Despite some internal problems (which I shall not go into), it looks like the show is a success, and if the review is right, it’s due to the stagework of David Joy:
With its current production of Jekyll & Hyde, the Little Theatre of Winston-Salem is taking on quite a challenge, one that proved worthwhile during last night’s sneak-preview performance.
The show, which will open tonight at the Arts Council Theatre, proves a solid winner for lots of reasons. One of the most important is the man who plays the title role(s): David Joy.
Joy plays Dr. Henry Jekyll, a London physician who hopes to find a cure for his father who is suffering in a mental institution. He experiments on himself in an attempt to separate the evil and good, and in so doing, the evil begins to take over in the form of a new persona named Edward Hyde.
This transformation, of course, underscores the show’s exploration of good and evil warring with one another. It goes back and forth, calling on Joy to play two different characters over the course of a fairly long night (the show lasts more than 2 hours and 30 minutes).
Joy remains in command of the diverse material from beginning to end, proving particularly compelling during his transformations. He is the affable, idealist and workaholic Jekyll one moment and someone completely different in Hyde the next. And each part of the Jekyll/Hyde character is drawn to a different woman: Emma (Courtney Willis) and Lucy (Lauren Stephenson).
In musical terms, some of the soloists are not on top of every note in their parts. But they conquer enough of Frank Wildhorn’s almost-operatic music, and in convincing-enough fashion, to make us overlook the occasional deficiency here and there.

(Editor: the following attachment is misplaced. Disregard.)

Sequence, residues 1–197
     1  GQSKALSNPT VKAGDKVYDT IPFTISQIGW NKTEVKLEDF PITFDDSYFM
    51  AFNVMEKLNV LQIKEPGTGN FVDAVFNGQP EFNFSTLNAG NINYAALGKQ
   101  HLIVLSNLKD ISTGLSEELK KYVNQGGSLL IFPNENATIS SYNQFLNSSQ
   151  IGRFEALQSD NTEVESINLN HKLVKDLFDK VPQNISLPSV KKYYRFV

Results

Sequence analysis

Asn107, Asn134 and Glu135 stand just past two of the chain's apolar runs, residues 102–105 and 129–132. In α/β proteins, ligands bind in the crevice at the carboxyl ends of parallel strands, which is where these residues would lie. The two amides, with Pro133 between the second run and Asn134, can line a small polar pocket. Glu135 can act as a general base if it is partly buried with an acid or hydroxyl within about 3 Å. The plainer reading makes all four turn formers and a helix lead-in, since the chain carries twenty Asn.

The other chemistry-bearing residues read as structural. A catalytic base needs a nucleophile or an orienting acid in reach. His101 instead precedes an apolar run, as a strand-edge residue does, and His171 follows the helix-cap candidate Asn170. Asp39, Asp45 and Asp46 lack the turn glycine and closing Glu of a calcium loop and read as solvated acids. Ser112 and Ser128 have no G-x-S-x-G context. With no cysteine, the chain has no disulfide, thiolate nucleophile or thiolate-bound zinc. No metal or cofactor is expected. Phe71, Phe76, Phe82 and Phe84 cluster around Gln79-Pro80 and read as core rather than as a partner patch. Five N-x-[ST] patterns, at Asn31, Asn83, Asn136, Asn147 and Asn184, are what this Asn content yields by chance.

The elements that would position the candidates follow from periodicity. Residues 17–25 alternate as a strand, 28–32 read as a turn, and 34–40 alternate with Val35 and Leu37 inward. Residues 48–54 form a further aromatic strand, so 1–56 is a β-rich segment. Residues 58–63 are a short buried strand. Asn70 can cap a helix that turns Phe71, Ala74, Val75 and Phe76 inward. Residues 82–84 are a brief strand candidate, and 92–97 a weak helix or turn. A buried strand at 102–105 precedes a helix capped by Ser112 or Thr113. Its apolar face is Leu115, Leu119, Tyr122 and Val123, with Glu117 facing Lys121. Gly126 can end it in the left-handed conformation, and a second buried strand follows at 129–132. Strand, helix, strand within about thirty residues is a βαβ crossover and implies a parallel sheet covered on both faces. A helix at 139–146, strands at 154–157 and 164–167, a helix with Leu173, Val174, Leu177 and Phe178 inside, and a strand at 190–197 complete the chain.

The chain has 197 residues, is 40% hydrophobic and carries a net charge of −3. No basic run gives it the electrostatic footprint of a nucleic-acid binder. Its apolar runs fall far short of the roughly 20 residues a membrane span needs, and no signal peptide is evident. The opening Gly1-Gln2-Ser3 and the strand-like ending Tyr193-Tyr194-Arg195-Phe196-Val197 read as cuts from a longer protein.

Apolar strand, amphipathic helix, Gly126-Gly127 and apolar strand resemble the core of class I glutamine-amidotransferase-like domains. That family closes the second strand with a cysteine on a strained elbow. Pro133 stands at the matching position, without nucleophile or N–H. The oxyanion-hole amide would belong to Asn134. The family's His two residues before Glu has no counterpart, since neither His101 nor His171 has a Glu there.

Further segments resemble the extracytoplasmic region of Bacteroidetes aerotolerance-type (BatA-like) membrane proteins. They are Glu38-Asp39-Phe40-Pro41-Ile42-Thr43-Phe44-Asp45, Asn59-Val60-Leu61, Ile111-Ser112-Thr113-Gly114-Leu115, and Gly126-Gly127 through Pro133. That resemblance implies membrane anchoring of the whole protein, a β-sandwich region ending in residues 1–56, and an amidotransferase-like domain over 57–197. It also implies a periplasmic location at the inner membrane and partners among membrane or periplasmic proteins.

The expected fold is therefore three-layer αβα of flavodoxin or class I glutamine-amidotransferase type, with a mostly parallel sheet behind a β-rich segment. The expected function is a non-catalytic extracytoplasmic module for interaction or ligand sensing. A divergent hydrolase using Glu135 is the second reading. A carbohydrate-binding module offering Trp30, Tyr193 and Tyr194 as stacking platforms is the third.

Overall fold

The chorus sounds powerful and, setting an example for many other groups to follow, enunciates each and every word clearly — which is so important in Jekyll, in which music dominates. Margaret Gallagher proves an adept music director.
The imaginative stage direction of Bobby Bodford and the choreography of Benji Starcher are impressive. Scenes that would otherwise look crowded and/or static come alive in visually inventive ways.
What scenic designer Bland Wade has done with the sets is noteworthy, too, proving that a lot of interesting looks can be achieved with just a few materials — which include a couple of red frames and backdrops of drawings that evoke Victorian England.
■ The Little Theatre of Winston-Salem will present Jekyll and Hyde at 8 p.m. today and Saturday, and April 10-12 and 17-19, and at 2 p.m. Sunday, and April 13 and 20. Tickets are $22, $20 for senior adults and $18 for students at the Arts Council Theatre, 610 Coliseum Drive. Call 336-725-4001.
Congrats to David and the rest of the cast.